Below, please find a summary of FEMA and NFIP issues that need to be addressed by next hurricane season…
1. There was a general consensus among the NC Insurance Commission and FEMA that some of the insurance adjusters were not submitting adequate estimates to cover the amount damage that homeowners incurred. The best way for a homeowner to get a re-inspection of their property is to call FEMA (855-336-2002) and ask “for a FEMA Adjuster” to re-inspect your property.
2. There have been reports that depreciation cannot be help from an insurance payout and must be paid when the actual value payment is made. The following is the clarification from FEMA:
o The NFIP guideline (May 2004) has been misquoted in the media. It says that insurance companies are “not required” to hold back depreciation. Of course, this means they can if they want to. The FEMA representative we talked to said as long as it is in accordance with “normal insurance company procedures” it’s allowed to be held back.
o The insured should to be able to collect the depreciation with a signed restoration contract having a start and an end date.
3. There has been considerable confusion concerning the coverage of garages. The following are the comments we received concerning the question “Is there coverage in a garage?”:
o Yes there is coverage.
o If the building is an elevated post-firm building, the coverage is above the base flood elevation of the first elevated floor.
§ For homes on a crawlspace, anything above the first floor height is covered.
§ For an elevated home (up on piers or stilts), there are no attached garages that would qualify
o If the building is a pre-post firm building (i.e. built in the 1950’s and1960’s), the coverage begins at the ground.
o For detached garages, up to 25% of the Coverage A with the following considerations:
§ Coverage does not apply to dwellings. That is if there is space to sleep in the building.
§ Bathrooms can complicate things.
§ Slop or laundry sinks are ok
4. Are building permits covered by insurance?
o Building permits should be covered at their exact cost.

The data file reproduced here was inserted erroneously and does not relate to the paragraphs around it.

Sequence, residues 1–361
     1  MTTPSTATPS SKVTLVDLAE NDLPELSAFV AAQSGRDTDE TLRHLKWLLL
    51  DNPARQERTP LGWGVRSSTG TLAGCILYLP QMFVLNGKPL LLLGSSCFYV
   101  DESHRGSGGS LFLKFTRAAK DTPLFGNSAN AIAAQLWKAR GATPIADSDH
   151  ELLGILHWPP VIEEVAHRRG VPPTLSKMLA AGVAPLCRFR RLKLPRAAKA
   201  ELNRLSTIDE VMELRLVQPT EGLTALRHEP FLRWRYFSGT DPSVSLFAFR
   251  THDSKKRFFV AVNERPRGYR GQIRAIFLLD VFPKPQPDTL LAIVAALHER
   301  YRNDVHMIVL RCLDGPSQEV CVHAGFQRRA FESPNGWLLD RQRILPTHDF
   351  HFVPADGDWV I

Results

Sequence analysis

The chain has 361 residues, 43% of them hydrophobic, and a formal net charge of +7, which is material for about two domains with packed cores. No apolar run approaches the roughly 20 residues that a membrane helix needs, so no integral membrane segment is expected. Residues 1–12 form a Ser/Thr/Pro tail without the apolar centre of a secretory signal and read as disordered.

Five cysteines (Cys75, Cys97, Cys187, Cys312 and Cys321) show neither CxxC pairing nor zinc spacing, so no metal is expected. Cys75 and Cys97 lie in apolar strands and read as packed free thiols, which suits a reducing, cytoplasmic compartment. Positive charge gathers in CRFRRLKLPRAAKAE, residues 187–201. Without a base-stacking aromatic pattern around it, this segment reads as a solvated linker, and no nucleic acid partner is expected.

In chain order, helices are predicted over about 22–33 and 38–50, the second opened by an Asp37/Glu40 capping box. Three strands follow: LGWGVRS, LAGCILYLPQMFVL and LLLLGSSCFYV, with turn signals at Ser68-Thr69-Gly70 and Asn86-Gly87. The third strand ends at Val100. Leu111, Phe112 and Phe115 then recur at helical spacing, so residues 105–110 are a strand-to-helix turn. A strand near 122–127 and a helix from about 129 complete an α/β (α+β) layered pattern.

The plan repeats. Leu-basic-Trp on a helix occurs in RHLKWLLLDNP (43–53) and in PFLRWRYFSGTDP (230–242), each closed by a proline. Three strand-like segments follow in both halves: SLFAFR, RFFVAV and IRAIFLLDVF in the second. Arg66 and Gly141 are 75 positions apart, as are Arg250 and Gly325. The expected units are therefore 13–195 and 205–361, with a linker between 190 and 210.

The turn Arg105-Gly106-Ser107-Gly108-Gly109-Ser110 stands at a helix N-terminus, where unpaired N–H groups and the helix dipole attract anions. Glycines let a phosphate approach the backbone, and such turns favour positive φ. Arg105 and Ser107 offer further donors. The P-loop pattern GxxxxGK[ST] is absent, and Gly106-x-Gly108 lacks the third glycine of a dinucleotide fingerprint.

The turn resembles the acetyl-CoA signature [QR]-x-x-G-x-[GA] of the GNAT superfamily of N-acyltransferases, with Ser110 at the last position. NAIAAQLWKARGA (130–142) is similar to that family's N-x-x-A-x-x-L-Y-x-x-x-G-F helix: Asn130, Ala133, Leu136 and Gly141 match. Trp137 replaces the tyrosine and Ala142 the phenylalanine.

5. There has been considerable disagreement on the category of water coming from the Neuse River. For insurance purposes, water can fall into 3 categories from Category 1 ,clean tap water, to Category 3 , water containing serious contaminates such as sewage and other bio-hazards. When asked “What Category is the water?”, the following was the response of the FEMA representative:
o “I drove over the river and saw it. It’s definitely Cat 3.” Of course, he then added the fact that it is salt or brackish, there are sewage issues and that fuel in the water also help it qualify as Cat 3.
6. There has been considerable disagreement at what rate should be charged for removing insulation from flood-damaged areas. Insurance estimating tools charge rates ranging from the cheapest which is dry insulation in a building cavity to the more expensive wet, contaminated insulation in a confined area like a crawlspace.
o On this point, the FEMA representative indicated that the rate billed should be the more expensive contaminated wet insulation in a confined area..
7. There has been some confusion concerning whether homeowners should get copies of insurance company requested engineer’s reports. The following was the FEMA representative’s response:
o If it is the insurance company’s normal procedure to share the report, then the answer is “Yes”.
o The report should be requested by the homeowner and documented if the report was not provided.
8. The NC Dept of Insurance is recommending that anyone not happy with their insurance estimate to call FEMA and follow up that way. If this does not work, then the homeowner should file a complaint with Department of Insurance, and they will look into it.